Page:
She’s baaaack! And I’m not talking about me, writing this blog post. I’m talking about The Alien, or my PMDD self. After several months of relatively mild episodes, suddenly I’m hit with a humdinger. You know from my previous post, A Perfect Storm of PMDD, that I am one of the unfortunate many who have atypical PMDD, in that it occurs both before and after I menstruate. Kind of like a hurricane, with menstruation in the middle, serving as the eye of the storm, where I might feel lousy physically, but I’m clear-headed and things are relatively calm.
So, about ten days ago, I could feel a storm blowing in. I notice I’m starting to get agitated about things that don’t usually faze me. I realize I am emotionally looking for a fight, anywhere I can find it. I check the calendar, confirm it’s about that time of the month, and warn those closest to me that it may be a rocky few days. I back away from conversations and situations I know will set me off, and postpone any important decisions or discussions for a few days.
The storm came and went, no major incidents, other than a couple of afternoon naps due to extreme sleepiness. Menstruation started, and life was good again, aside from the physical discomforts of having a period. Usually, the second half of my PMDD begins on Day 3 of my period. So when Day 3 came and went with no trouble, I thought I was in the clear, home free, another PMDD episode averted. Kudos to me once again for not letting my PMDD get the better of me and wreaking all sorts of havoc in my life and personal relationships.
But this was not my usual period. This one lasted six days instead of three. Not a problem. I’m okay. Life is still good.
But then yesterday morning, I started noticing things. Like I tried to address an envelope, and my handwriting was all jumpy and spiky. My hand couldn’t control the pen the way it usually does. My typing was off, too. Kept hitting the wrong keys.
No matter. I’m just in a hurry.
Then I went to a funeral, at a church I had never been to before. I got lost. Suddenly I’m feeling anxious, confused, and my thoughts are scattered.
No biggie, it can happen to anyone.
At the funeral, all I wanted to do was weep.
Not a problem. People are supposed to be sad at funerals.
I came home, fixed myself something to eat. I work at home (in part due to my PMDD), so I started to work in my sun-drenched living room.
Suddenly I couldn’t keep my eyes open any longer.
Nothing unusual there, I told myself. The room was warm and I had just eaten.
Never mind that the room is equally warm and sunny most days, and I eat lunch every day about the same time and don’t get sleepy.
Finally I give in and take a nap, unable to concentrate or stay awake. It still hasn’t dawned on me, what is happening.
I wake up, totally ravenous, and wanting nothing but CHOCOLATE.
Still haven’t caught on. Or if I have, I’m in denial. I don’t have time for this nonsense. I have work to do.
A friend calls. We’re supposed to meet later on, go to Qigong class together. I want to know how soon “later on” is. Is it 4:30, 5:30, 6:30? If it’s sooner rather than later, I’ll wait to eat with my friend. If it’s later, I’ll eat now. No big deal either way, I just want to know, so I can plan my evening accordingly.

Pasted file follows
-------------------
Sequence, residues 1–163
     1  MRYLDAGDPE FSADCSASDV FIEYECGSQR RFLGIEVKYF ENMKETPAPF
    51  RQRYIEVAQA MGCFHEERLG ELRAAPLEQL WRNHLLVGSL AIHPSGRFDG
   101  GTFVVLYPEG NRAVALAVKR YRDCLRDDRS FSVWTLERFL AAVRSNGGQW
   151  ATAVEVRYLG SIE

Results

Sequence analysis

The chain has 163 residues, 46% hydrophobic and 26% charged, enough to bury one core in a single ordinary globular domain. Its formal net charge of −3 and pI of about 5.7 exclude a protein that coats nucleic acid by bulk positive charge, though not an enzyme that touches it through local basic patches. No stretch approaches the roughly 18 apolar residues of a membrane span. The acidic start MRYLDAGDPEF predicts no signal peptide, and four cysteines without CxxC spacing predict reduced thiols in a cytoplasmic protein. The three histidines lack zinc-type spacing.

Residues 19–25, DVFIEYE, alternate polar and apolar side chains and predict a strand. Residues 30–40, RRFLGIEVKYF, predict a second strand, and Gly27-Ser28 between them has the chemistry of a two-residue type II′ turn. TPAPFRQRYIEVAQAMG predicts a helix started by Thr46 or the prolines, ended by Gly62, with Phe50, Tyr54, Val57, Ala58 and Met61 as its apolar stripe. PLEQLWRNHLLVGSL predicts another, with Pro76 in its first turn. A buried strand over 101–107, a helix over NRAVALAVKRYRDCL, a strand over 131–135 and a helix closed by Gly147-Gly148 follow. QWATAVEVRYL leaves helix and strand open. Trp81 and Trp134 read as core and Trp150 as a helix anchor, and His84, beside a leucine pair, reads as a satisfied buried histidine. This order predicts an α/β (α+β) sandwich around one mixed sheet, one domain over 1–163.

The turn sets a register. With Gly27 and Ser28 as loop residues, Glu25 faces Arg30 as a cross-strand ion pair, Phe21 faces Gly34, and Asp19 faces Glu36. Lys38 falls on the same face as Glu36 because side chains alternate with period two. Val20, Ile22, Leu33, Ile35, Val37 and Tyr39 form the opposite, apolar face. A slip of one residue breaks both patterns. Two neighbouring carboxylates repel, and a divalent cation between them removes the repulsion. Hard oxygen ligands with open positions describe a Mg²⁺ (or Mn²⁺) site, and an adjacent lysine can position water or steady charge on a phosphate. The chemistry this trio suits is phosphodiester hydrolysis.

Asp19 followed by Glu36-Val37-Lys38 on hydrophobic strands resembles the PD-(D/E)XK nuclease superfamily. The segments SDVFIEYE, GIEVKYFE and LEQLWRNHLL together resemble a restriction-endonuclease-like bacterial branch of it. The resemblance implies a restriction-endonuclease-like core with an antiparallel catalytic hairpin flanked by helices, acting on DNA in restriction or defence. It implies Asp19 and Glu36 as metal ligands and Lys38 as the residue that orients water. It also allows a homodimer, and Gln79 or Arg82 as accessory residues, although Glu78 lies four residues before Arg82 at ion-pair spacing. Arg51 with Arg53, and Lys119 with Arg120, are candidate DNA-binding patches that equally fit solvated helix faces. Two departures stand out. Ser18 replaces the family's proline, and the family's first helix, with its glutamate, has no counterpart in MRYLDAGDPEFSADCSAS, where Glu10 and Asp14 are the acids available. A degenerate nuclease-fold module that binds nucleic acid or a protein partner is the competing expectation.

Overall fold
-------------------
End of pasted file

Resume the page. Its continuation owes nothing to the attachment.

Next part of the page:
Somehow that simple conversation goes totally awry, and I end up in tears.
Bingo. The Alien has struck again. Now I know what’s going on. My PMDD has returned for round two. My head hurts, my eyes hurt, all I want to do is cry, and go back to sleep. But I’m too agitated and upset to go back to sleep, and I’m so effing hungry I want to scream. But I just ate a full meal a couple of hours ago. There’s no logical reason to be so hungry.
My friend calls back to see if I’m all right. How do I explain that everything is fine…but it’s not? How do I explain PMDD? This isn’t the type of conversation you want to have over the phone. It’s best that the other person can see the glassiness in your eyes, the exhaustion on your face, the lack of energy and slump of your body.
I fix something to eat (healthy carbs!) and work on a small project that only needs minimal concentration for an hour or so.
My friend arrives, and I try to explain what happened. He asks, “What can I do to help?”
The only answer I can come up with is, “Just be nice to me. I’m fragile today. Oh, and you might need to run interference for me at class. I’m not feeling very social right now.”
We go to class, and all goes well. I manage to muddle through the social aspects of class. The Qigong exercises get the blood circulating, produce the necessary boost in endorphins and serotonin. By the end of class, which was the absolute last thing I wanted to go to—I’d much rather have crawled back into bed and tried to sleep away my exhaustion—I was feeling 100% again, and had bought myself a couple of PMDD-free hours.
Because in my PMDD-induced confusion and misery I had forgotten what I could do to help myself. Light aerobic exercise. When I’m in the throes of a PMDD episode, and the last thing I want to do is get up and move, that’s the very thing I need to do. A simple walk is all it takes. After about 30 minutes, I start to feel better. By 45, I’m back on an even keel. An hour of any kind of light cardio activity and all symptoms are gone…
For about two hours.
So by the time I got home, I was back to being myself again. A totally different person. I was able to make it through the rest of the evening without incident.
But as soon as I opened my eyes this morning, I felt that heavy wet blanket of depression closing in on me again. The iron band around my head, the irritated eyes, like I’ve been crying (but I haven’t), the mental fuzziness, the sense of exhaustion even before I get out of bed.
There’s no denying it this time. It’s going to be another PMDD day.